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Next German finance minister Scholz has big shoes to fill

BERLIN (Reuters) - Olaf Scholz, the mild-mannered, pragmatic mayor of Hamburg who could become Germany’s next finance minister, had a baptism of fire last summer during violent riots surrounding the G20 summit in his city.

FILE PHOTO: German Chancellor Angela Merkel and Mayor of Hamburg Olaf Scholz meet with police after the G20 Summit in Hamburg, Germany, July 8, 2017. REUTERS/Patrik STOLLARZ/Pool/File Photo

Scholz apologized publicly for the security fiasco, but stayed calm in the face of furious attacks by right-wing critics, who accused him of being too soft on anti-capitalist violence.

The 59-year old Social Democrat, a trained lawyer and strong advocate of closer European integration, later said the extent of the violence had rattled him and that he would have resigned if anyone had been killed.

That quiet resolve could serve Scholz well as he steps into the giant shoes left by Wolfgang Schaeuble, the fiscally hawkish and larger-than-life veteran of German politics who now presides over the lower house of parliament, the Bundestag.

Some conservatives fear Scholz, who recently backed a big increase in the minimum wage, could raise government spending and reverse’s Schaeuble “black zero” policy of not incurring new debt.

Others say that Scholz is likely to stick to Germany’s fiscal conservatism but may adopt a more conciliatory tone toward poorer euro zone countries such as Greece.

Business executives could also have trouble convincing Scholz to adopt new corporate tax cuts modeled on those passed in the United States, which have triggered a flood of investment.

“We have made our corporate tax structure competitive internationally in recent years. There is no need for hectic corrections,” he told the business magazine Wirtschaftswoche.

Scholz also backs higher tax rates for the wealthy, although he often tells audiences: “I can only distribute what I’ve earned.”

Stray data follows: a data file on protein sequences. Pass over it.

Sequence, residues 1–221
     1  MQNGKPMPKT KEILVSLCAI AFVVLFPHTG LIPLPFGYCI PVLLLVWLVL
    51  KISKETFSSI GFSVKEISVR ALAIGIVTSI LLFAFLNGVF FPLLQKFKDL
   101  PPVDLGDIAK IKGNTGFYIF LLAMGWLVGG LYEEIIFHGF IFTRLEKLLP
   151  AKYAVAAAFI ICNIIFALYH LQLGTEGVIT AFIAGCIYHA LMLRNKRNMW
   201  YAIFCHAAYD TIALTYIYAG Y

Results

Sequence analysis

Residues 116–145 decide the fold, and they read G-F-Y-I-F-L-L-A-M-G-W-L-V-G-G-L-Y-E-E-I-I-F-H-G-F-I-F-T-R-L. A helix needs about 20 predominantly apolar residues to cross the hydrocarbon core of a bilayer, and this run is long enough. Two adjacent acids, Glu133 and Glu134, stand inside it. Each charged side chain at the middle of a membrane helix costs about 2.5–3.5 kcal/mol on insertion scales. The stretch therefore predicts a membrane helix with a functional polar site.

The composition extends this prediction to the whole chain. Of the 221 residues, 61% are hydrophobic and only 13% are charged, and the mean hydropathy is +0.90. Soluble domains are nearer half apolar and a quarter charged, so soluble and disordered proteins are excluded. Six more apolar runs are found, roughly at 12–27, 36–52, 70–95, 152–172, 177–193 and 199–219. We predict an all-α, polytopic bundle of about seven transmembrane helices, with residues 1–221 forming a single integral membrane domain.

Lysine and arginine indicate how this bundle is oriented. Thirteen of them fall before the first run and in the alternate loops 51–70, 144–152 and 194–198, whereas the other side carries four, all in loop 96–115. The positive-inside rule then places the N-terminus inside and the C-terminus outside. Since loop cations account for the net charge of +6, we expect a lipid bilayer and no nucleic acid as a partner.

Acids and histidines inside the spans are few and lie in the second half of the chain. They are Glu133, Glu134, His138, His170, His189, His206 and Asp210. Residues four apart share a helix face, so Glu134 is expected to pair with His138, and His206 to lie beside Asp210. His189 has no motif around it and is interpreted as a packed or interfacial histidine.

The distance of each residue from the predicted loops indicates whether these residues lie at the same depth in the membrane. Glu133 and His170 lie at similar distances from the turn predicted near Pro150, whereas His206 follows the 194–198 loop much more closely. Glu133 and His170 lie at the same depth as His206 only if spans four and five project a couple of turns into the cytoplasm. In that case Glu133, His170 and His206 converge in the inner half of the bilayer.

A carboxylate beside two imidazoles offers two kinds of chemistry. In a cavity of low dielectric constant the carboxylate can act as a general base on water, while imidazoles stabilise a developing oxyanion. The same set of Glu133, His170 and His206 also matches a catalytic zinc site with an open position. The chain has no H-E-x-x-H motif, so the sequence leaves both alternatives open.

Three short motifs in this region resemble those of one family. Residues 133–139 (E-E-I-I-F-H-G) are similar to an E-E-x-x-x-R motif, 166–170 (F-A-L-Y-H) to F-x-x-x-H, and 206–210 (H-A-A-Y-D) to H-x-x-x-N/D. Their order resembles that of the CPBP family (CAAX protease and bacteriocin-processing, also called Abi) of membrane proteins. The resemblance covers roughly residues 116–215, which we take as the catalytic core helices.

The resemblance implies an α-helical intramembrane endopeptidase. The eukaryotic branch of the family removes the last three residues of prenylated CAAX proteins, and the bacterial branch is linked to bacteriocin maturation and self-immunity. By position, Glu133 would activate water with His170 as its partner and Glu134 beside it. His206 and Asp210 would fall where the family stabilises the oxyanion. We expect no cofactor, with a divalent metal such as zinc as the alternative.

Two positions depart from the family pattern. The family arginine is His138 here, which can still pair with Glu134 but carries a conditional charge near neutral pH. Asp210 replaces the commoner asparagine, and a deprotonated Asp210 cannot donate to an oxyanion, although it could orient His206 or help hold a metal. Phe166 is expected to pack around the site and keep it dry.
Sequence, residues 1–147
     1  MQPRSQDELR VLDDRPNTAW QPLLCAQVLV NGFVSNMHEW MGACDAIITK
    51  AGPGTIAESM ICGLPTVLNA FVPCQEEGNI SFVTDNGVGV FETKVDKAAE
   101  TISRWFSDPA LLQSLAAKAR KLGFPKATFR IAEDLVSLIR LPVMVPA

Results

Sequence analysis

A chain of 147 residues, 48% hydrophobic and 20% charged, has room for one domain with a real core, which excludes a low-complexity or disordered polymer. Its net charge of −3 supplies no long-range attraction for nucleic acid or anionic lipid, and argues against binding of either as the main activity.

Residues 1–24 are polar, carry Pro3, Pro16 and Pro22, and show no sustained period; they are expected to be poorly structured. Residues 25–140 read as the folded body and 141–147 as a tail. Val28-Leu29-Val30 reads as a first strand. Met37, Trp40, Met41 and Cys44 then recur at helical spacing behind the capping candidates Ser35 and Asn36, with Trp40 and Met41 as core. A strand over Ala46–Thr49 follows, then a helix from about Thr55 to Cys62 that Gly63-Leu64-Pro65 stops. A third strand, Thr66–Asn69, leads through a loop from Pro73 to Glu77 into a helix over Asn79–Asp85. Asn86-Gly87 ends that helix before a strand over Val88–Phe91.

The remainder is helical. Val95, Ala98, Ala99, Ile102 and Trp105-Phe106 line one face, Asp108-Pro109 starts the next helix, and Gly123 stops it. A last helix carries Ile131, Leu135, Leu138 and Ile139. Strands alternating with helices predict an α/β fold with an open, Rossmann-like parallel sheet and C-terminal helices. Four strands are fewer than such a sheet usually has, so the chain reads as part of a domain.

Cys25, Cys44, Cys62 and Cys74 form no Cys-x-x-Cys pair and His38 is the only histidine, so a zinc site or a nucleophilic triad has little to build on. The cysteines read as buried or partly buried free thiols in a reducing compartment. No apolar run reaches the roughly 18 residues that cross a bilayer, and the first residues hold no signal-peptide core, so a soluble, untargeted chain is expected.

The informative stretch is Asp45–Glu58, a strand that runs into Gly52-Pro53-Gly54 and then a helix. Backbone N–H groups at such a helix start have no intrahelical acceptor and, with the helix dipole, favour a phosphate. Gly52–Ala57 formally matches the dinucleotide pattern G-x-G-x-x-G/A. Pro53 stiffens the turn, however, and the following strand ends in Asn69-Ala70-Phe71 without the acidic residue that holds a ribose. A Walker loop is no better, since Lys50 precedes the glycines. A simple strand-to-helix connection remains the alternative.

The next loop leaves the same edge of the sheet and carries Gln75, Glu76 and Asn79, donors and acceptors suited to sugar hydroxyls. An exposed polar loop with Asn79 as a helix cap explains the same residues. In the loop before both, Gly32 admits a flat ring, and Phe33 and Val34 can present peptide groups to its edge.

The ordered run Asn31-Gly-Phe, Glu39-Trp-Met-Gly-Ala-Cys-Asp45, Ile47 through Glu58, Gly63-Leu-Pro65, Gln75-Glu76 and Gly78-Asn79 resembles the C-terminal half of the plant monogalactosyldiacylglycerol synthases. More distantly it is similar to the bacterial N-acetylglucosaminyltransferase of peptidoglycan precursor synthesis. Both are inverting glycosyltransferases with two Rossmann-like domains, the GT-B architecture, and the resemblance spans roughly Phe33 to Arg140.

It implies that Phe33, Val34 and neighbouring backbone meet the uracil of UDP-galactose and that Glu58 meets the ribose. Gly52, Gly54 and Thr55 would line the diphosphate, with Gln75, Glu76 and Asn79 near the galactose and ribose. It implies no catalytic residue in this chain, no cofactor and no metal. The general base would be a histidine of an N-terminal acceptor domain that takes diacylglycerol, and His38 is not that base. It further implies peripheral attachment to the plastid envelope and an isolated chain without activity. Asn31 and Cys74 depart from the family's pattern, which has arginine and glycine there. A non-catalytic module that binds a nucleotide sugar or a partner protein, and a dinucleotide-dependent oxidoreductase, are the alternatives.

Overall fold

Scholz has long been more popular among SPD members than party leader Martin Schulz. In 2011, he led the SPD out of opposition to win an majority in Hamburg’s state election. Four years later, SPD support had shrunk, but he was able to pull together a ruling coalition with the environmentalist Greens.

He works well with Chancellor Angela Merkel, a fact that was evident during a series of joint appearances during the Hamburg G20 summit, and dates back to his tenure as labor minister during Merkel’s first “grand coalition” from 2005 to 2009.


Scholz, an attorney, has little experience on the EU stage, but would work together closely with Schulz - former president of the European Parliament and likely foreign minister in Merkel’s next government - on issues such as euro zone reform.

In December, Scholz told the newspaper Die Welt that Germany urgently needed to respond to proposals by French President Emmanuel Macron.

“The EU is not just a customs union. It must develop joint policies in the area of foreign and security, migration, finance, economy,” he said.

“And these policies must be different from those of the chancellor, who leaves many things unspoken and works out deals behind closed doors in Brussels in the middle of the night,” he added. “We have to state clearly what we are planning on the European policy front. We need to be more bold.”

One key concern for Scholz has been digitalization and how Western democracies should respond to the rise of right-wing populism and growing doubts about the benefits of globalization, particularly given a stagnation in wages at the same time as Germany lacks skilled workers.

Scholz’s wife, Britta Ernst, is education minister in the eastern state of Brandenburg, surrounding Berlin.

He himself is sporty, showing up for coalition talks at least once in a jogging suit.

Like Schaeuble, he has an occasional sharp tongue.

Last week, he brushed aside a question about his ambition to take over as finance minister, brusquely telling a reporter: “What is that question supposed to mean?”

In December, he grew irritated by repeated questions from Die Welt about his failure to challenge Schulz for the party’s leadership after it eked out the worst election result since Germany became a federal republic in 1949.

“I don’t like the tendency to let personnel issues overshadow important issues of substance,” he told the paper. “The SPD suffered a serious loss and we have to analyze clearly what went wrong. At the same time, we have to discuss how we can live up to our responsibility for the country. The game of who loves whom doesn’t help us there.”

Additonal reporting by Michael Nienaber; Editing by Kevin Liffey